Louise Levy looks at Nina Simone, on what would have been her 90th Birthday
Born Eunice Kathleen Waymon in 1933 in Tryon, North Carolina, Nina Simone came from a family filled with music. She was the sixth of eight children, and though her mother rarely showed any affection, she encouraged classical piano. By the time Nina had turned six, she had become the regular church pianist in Tryon.
Simone was soon studying classical music and developed a lifelong love of Johann Sebastian Bach, Chopin, Brahms, Beethoven, and Schubert. At her first recital, when she was 10, her parents moved from their seats to make way for a white family. She refused to perform until her parents could return to their seats. After that, ‘nothing was easy anymore’ said Simone in her 1991 memoir, I Put a Spell on You.
She earned a scholarship for a one-year program at the Juilliard School of Music in New York City, but was denied entry to the Curtis Institute of Music. She was deeply disappointed and blamed the injustice of being black.
She worked as a music teacher, and also worked in bars where she had to accompany her own singing. Fearing that her mother would disapprove, she adopted Nina (a nickname from a former boyfriend) and Simone (after the French actress Simone Signoret). Simone released her debut jazz album, Little Girl Blue, in 1958. It was a hit, and she moved to New York with her own vision of playing classical music.
In New York, she met James Baldwin, Langston Hughes, Lorraine Hansberry and Miriam Makeba. They became her political mentors. She married New York detective Andy Stroud, who became her manager, and in 1962 they had a daughter. But their life together was turmoil. She was professional with her work but was known for her temper and outbursts of aggression. She enjoyed her greatest creative streak, recording a string of albums from Philips and RCA.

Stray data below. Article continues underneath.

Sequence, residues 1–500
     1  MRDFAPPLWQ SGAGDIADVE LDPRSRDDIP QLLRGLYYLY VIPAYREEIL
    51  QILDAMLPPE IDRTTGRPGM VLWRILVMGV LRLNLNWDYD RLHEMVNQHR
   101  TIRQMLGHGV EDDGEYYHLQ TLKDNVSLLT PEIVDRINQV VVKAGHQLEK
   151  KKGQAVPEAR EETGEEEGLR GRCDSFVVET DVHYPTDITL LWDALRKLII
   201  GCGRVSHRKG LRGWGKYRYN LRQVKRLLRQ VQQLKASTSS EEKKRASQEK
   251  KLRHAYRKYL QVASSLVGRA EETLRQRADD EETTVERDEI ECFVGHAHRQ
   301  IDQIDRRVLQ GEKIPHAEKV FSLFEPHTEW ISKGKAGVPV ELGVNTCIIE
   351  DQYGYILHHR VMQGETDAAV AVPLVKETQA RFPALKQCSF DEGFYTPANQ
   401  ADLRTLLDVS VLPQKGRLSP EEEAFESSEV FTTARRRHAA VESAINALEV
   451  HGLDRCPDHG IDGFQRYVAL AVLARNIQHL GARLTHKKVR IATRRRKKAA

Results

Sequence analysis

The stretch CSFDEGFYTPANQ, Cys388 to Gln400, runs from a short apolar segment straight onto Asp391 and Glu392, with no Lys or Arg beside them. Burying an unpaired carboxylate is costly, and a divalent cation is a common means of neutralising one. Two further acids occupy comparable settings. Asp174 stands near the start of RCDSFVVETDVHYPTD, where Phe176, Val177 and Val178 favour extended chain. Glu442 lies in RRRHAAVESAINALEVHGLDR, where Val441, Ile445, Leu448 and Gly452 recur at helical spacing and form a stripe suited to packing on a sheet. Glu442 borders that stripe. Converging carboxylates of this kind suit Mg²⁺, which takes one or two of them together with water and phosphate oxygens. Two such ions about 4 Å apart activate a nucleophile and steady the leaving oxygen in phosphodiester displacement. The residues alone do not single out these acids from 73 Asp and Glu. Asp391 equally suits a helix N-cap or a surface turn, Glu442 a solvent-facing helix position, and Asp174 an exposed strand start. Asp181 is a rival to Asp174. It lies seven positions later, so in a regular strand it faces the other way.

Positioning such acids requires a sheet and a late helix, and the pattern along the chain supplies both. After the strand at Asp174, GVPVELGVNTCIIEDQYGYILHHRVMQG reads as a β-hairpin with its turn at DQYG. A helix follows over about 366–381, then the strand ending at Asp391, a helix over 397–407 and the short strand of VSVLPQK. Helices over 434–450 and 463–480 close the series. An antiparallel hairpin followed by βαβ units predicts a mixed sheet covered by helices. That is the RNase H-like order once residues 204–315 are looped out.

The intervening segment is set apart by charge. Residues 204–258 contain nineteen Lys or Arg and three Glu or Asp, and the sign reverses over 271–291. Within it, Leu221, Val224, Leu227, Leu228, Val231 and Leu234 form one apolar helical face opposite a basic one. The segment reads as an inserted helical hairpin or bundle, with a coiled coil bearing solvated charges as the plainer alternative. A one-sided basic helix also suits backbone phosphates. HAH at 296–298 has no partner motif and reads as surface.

In 1963, Nina achieved her dream of performing at the Carnegie Hall, New York. Also in that year, she wrote Mississippi Goddam in response to the bombing of the Baptist Church in Birmingham, Alabama. From then on, Nina started writing more Civil Rights protest songs.
One of Nina’s best-known songs, To Be Young, Gifted and Black, is a tribute to her friend Lorraine Hansberry, an African American playwright. Nina credited Hansberry with encouraging her to act on the injustices she felt and get involved in the Civil Rights movement. She wrote the song, Four Women, which confronted issues around body image and four stereotypes of black women.
In 1970, she and Stroud divorced. Simone left the United States and drifted for more than 20 years, eventually settling in France.
Ironically, the Curtis Institute of Music, which had rejected Simone back in 1950, named her an honorary doctor in 2003, two days before she died from cancer at her home in Carry-le-Rouet
She left a profound mark on American Black music. In 2018, Simone was inducted into the Rock & Roll Hall of Fame. Rolling Stone cited her achievements stating that ‘the euphoria pulsing through her voice spoke for itself’. She brought out the rage in her civil rights protest songs (Mississippi Goddam, Four Women), her pride in To Be Young, Gifted and Black, and her joie-de-vivre in her rendition of Ain’t Got No, I Got Life.
Check Jazz After Hours for Isobel Archer’s special on Nina Simone.
This article originally appeared in the 2MBS Fine Music Magazine, February Edition